Editor’s note: This story is the second installment of a four-part series looking back at the year that was — 2022.
As a new year draws closer, the San Marcos Daily Record takes a look back at top stories from 2022 — April-June saw several notable moments from the approval of economic incentives to bring a film studio to San Marcos to protests taking place over the film studio’s location over the Edwards Aquifer Recharge Zone and protests regarding the Supreme Court’s decision on Roe v. Wade.
•San Marcos’ Les Stephens was named Fire Chief of the Year by the Texas Fire Chiefs Association.
Stephens, who was named San Marcos Fire Chief in 2009, received the honor at the fire chiefs association annual conference in Waco on April 13. He was honored for his outstanding performance within the Texas Fire Service after the association reviewed nearly two dozen letters of support submitted by city staff, elected officials and community members.
“Chief Stephens has revolutionized our fire protective services,” Director of Public Safety Chase Stapp said in a statement. “From the moment that he arrived in San Marcos, Chief Stephens set a higher standard for service, training, community involvement, transparency, and professionalism not only within the fire department, but throughout the City of San Marcos.”
•The City of San Marcos entered Stage 2 drought restrictions on April 17. Stage 2 is implemented when the 10-day average Edwards Aquifer index well level falls below 650 feet above mean sea level (msl).
Stage 2 drought rules place limits on the use of soaker hoses, drip irrigation, and using decorative water features.
Stage 2 drought restrictions have remained in place since they were enacted in April. The full text of the city’s Stage 2 rules can be found on the City of San Marcos website at www.sanmarcostx.gov/drought.
•Kelly R. Damphousse, Ph.D., was confirmed as the 10th president of Texas State University on April 21. The Texas State University System Board of Regents made the decision during a special called meeting.
•Legal representation for the San Marcos Police Department and former Sgt. Ryan Hartman spent two days in April arbitrating whether Hartman would remain indefinitely suspended or return to the department.
Hartman, who was indefinitely suspended on Jan. 18, 2022, sought his job back with back pay and benefits under Chapter 143 of the Texas Local Government Code, which gives police officers and firefighters the ability to appeal their suspensions.
Documents discussed during the hearing on April 26-27 at the San Marcos Activity Center, as well as testimony from several members of the police department, including Chief of Police Stan Standridge and commanders Tiffany Williams and Lee Leonard, showed that Hartman failed to file paperwork in a timely manner.
“It’s epidemic with how he treats the role of a professional police sergeant,” said Standridge, later adding, “[Hartman’s] conduct was in fact a pattern … of insubordination, failing to do the job, failing to do the expectation even after being told.”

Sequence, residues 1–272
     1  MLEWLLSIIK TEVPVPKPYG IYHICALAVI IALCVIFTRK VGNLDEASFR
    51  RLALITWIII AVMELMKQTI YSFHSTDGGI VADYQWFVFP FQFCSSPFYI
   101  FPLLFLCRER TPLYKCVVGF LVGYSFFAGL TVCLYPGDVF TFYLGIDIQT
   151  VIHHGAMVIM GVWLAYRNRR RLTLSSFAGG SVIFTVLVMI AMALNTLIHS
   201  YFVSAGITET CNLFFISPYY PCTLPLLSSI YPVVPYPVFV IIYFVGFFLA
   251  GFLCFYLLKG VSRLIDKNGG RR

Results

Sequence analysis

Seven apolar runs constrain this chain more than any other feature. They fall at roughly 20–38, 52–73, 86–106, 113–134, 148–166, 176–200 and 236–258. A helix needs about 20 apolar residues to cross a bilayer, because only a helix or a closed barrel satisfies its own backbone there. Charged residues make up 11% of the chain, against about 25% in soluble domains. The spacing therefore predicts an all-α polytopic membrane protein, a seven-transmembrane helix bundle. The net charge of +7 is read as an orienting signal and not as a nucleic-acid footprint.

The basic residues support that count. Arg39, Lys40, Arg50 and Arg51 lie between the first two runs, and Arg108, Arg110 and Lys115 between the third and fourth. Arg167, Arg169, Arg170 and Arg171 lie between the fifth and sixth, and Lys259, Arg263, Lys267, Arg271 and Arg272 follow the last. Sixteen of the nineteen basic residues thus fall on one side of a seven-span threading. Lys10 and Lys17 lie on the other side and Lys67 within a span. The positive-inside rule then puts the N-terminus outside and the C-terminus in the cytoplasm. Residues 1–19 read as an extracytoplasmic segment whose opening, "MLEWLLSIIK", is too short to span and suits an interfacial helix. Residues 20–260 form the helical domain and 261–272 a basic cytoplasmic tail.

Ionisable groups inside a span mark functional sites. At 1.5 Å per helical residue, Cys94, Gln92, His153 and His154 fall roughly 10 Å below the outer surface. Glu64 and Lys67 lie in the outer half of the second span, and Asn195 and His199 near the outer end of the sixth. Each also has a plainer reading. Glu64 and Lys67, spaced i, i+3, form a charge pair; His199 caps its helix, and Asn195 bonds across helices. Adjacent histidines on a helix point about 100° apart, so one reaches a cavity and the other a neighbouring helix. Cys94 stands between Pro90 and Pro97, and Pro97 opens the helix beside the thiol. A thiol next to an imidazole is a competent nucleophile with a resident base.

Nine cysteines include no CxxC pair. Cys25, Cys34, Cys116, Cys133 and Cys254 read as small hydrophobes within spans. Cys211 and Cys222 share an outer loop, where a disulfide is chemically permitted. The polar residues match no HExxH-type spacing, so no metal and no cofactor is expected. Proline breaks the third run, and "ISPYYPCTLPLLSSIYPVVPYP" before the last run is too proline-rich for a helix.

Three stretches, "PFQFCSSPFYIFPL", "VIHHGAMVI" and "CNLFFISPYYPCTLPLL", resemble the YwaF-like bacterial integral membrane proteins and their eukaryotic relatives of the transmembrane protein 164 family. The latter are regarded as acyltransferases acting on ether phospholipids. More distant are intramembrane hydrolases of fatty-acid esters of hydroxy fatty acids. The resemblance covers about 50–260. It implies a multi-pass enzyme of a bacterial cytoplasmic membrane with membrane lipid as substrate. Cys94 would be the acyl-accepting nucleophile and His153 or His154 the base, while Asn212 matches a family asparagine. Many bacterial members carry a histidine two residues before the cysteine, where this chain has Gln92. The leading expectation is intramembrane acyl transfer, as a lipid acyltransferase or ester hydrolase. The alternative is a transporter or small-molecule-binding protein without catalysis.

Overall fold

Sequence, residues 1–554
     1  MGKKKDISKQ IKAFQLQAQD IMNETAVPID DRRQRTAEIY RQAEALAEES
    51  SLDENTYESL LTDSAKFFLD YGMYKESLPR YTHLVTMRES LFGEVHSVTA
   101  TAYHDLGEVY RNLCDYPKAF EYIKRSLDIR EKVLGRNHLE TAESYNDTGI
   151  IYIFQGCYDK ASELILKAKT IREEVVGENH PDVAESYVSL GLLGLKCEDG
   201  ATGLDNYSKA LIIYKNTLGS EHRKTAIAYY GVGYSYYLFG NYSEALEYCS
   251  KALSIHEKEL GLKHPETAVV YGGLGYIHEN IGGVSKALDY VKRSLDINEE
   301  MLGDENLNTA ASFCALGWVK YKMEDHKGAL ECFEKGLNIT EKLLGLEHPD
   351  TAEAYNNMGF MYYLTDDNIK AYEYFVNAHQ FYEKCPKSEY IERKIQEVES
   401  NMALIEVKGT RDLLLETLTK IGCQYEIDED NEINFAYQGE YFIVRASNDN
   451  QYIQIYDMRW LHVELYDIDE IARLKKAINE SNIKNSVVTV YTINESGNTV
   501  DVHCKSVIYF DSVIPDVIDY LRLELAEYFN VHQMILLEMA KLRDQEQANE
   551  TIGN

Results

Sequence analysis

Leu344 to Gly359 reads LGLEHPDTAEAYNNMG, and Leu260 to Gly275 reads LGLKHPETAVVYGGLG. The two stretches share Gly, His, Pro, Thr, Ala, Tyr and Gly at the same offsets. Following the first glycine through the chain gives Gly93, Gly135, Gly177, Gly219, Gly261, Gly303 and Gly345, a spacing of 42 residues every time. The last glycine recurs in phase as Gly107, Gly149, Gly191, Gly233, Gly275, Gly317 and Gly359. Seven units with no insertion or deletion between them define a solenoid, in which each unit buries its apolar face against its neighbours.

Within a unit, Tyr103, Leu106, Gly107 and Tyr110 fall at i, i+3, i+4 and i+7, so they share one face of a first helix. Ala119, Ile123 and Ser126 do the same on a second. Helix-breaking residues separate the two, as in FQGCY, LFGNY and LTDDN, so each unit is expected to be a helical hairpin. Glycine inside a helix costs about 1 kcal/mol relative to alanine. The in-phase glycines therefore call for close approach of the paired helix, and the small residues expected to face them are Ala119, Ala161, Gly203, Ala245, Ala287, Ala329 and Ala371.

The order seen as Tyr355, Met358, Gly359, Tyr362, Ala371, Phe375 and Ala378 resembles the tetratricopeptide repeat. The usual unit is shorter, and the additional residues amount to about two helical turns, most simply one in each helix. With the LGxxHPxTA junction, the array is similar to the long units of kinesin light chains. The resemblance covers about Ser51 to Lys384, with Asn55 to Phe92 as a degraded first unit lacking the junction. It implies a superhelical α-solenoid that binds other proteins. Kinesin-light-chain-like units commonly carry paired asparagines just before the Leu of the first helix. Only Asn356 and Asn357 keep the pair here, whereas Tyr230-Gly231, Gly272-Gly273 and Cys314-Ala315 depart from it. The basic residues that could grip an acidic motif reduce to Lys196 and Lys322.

Hartman’s lawyer, Alyssa Urban, however, claimed he was the “Pariah of the San Marcos Police Department.” Urban, a staff attorney with Combined Law Enforcement Associations of Texas, said Hartman was fired for negative publicity caused by an off-duty collision where he ran through a stop sign in his personal truck, hitting a Honda Accord on June 10, 2020 in Lockhart, which killed Jennifer Miller and severely injured Pamela Watts.
A decision by arbitrator Bill Detwiler whether Hartman should remain indefinitely suspended was expected to be returned no later than July 10.
•Brian K. Shanks was elected to the San Marcos Consolidated ISD Board of Trustees during the May 7 election.
Shanks received 784 votes (50.48%) to Gabrielle Moore’s 769 votes (49.52%).
•The City of San Marcos celebrated the official opening of Rio Vista Falls and its San Marcos River Shared Use Pathway with a ribbon cutting ceremony on May 19.
The new bicycle and pedestrian trail, known as the San Marcos River Shared Use Pathway Project, stretches 1.7-mile, connecting the City of San Marcos’ Visitor’s Center, several parks, downtown and Texas State University. The trail ties into an existing trail east of the Hopkins Street bridge and ends approximately 205 feet west of the southbound Interstate 35 access road. The trail includes safety measures such as lights around its path, below-grade crossing at Cheatham Street and the railroad right-of-way at Rio Vista Park.
The Rio Vista Falls Maintenance Project addressed instream structures and bank improvements. Underwater voids and undercuts formed in the bank and instream structures throughout the Rio Vista Falls area and required maintenance, according to the City of San Marcos. The Rio Vista Falls area was reconfigured from a single dam into three sets of rapids, outline pool area and decorative boulders in 2006. Prior to the project, maintenance hadn’t been done to the area since its original construction, according to the city.
Additionally, the city said strong currents and three major flooding events impacted the structures since their installation. The work done consisted of repairing voids, undercutting and deepening the foundation toe of the bank and instream structures. An additional protective layer of rock armoring was installed around the foundation. Construction began in October 2021 and finished in early May.
•The Hays County Commissioners Court took another step toward a public defenders office during its meeting on May 24. Following much discussion and consideration, the commissioners approved Neighborhood Defender Service (NDS), Inc. as the selected vendor in moving forward with the creation of a PDO.
•San Marcos Consolidated ISD’s campuses were on “high alert” following the Uvalde school shooting on May 23.